The XC70 and V70 are brand new, and yet sales are off. Why is that?

XC70 is where we expected it to be. V70 is missing its targets by a significant amount. The dynamics of the industry are causing some challenges. The wagon segment has been in decline for some time. Then there also is our strategic focus. The XC70 is a core component of our strategy, so the V70 isn't spending much money or support, and you're seeing the result. The consumer attaches a lot more value to the XC70 than the V70. There's the all-wheel-drive component but also how the customer perceives himself to look in his car. The XC70 is cool in its own way, whereas the V70 struggles in that light. The XC range has become like the Volvo wagon of old. It's something people are more passionate about, and they'll pay more for it.

How has the C30 launch gone? There's not much marketing.

Everybody loves the C30. The style of the car stands out. That said, you build a C30 in Belgium, and your costs are in the euro and krona, and it's a tough business decision. We knew that going in. It would be nice to sell 10,000 or 15,000, but we're not planning on that. It suffers from a lack of consumer awareness. We could sell more if we invested to spend fixed marketing dollars, but it comes back to where your focus is. We knew it wasn't going to be a mass-marketing car. I'd love to sell more because it's the car that evolves our exciting design idea. People are buying it for style, and that's not something you would normally associate with Volvo.

What is the parent company doing to ease the currency exchange situation?

We are concluding a strategic review of our business. Part of that involves currency hedging. Sweden is cognizant that we need sufficient volume to maintain our position. They realize the industry is cyclic and that currency is cyclic. We talk about Audi in the '80s and that it took 18 years to sell 100,000 cars again. You can't turn volume on and off like a light switch. So we balance that against currency-related profit questions.

Our dealer council has met with (Volvo Car CEO) Fredrik Arp twice in the past 120 days to make sure Sweden understands their view. They are covering us on a volume base; it's about more than how much money you made this month. We're not going to give up volume easily.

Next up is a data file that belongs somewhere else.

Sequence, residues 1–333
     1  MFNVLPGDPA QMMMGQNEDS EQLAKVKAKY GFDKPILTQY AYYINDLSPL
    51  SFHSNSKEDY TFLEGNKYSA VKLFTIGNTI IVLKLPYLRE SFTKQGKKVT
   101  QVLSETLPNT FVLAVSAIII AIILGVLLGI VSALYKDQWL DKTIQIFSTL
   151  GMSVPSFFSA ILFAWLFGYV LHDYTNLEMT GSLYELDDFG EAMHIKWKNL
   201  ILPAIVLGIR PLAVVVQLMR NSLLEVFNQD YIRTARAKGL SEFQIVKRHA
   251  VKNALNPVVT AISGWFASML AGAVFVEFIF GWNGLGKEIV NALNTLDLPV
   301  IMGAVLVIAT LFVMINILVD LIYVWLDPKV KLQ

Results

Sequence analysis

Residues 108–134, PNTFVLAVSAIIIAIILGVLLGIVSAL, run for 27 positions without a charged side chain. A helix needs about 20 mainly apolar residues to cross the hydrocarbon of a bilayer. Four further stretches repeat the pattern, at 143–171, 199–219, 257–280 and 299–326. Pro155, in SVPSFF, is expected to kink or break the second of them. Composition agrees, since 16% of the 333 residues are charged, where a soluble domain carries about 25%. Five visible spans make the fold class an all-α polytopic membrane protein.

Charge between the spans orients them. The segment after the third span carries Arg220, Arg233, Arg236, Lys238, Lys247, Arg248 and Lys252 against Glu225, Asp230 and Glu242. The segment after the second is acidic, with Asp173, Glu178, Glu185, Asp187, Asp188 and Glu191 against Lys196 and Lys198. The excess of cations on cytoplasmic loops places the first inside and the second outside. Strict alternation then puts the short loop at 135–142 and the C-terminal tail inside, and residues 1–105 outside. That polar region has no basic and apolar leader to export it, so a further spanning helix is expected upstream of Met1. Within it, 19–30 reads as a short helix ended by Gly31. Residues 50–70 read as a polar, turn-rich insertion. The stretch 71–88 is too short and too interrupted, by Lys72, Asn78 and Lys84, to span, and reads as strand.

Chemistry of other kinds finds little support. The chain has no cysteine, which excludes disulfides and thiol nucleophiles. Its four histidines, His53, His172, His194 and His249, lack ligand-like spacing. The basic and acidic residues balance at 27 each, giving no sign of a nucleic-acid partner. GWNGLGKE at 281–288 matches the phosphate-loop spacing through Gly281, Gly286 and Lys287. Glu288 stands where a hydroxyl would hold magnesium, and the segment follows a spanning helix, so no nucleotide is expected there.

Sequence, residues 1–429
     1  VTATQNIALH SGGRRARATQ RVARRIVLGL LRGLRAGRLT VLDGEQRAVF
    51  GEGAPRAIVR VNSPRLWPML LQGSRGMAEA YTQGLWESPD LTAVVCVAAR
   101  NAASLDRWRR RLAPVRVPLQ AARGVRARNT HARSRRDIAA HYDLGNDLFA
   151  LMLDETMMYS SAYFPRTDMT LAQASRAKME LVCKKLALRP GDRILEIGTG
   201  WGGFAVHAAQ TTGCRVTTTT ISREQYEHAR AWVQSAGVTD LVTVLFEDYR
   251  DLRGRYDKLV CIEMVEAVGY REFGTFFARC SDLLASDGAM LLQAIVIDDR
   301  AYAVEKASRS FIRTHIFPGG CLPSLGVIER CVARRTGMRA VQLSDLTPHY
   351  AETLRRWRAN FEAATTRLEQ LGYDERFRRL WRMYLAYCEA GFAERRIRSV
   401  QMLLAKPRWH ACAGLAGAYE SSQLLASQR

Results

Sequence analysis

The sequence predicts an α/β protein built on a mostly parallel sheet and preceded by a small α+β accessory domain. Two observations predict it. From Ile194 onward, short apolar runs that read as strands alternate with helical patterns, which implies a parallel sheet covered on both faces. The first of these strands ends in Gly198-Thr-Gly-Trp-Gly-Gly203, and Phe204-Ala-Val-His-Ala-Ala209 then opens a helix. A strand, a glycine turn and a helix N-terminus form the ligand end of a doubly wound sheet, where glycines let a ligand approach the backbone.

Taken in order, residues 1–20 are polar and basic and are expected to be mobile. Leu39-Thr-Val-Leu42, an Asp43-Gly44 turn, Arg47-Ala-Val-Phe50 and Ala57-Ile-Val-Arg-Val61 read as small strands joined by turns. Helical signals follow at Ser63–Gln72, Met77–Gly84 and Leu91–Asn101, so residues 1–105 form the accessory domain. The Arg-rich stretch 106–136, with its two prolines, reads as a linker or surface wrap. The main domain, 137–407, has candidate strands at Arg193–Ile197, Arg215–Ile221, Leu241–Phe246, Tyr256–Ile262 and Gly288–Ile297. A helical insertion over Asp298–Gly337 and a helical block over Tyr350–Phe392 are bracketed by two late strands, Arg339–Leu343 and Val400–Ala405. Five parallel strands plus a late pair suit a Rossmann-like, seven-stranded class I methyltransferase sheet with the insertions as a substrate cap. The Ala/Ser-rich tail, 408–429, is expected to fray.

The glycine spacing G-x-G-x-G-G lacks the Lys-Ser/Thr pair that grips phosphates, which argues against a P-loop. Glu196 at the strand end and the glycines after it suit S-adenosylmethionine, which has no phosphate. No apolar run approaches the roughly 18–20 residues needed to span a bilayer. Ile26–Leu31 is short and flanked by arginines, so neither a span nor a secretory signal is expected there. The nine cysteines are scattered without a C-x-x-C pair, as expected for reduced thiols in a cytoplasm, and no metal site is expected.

What is Volvo's approach to leasing right now?

In some car lines, particularly small cars, we have to be more focused on purchase. We are presenting the option more frequently to buy or lease. But some car lines, like the XC90 and S80, we're going to compete in the segments where leasing is required.

Volvo has kept a comparably low dealer margin in comparison to other luxury brands, making up the difference with customer service index bonuses. Are there any plans to change that structure?

There are no plans to make any change to our margin, up or down. It is still an issue that is raised by our dealer council. They would like us to expand the margin. We have interesting discussions on what margin is, because in the end, what you retain is key. You can set the margin anywhere you want to, but if you don't retain it, you're not any better off.

When you see Jaguar and Land Rover being acquired by Tata, do you wonder how Volvo might do under different ownership?

Everybody wonders what Volvo's future is, realizing it's going to be attached to Ford. In the end, it's what kind of investments you are able to attract, based on what business case you can present. The best business case gets more resources. We have a brand with a consistent view no matter where you go.

Being a luxury brand, we have a retained margin more compelling than that of a mass brand. That gives us leverage within the Ford world. Absent Jaguar and Land Rover, it gives us even more leverage. Ford didn't keep Volvo for fun. We cover the gamut of luxury SUV, wagon and car all in one brand. Jaguar and Land Rover had to do that through a couple brands, and that's inherently less efficient. 

You can reach Mark Rechtin at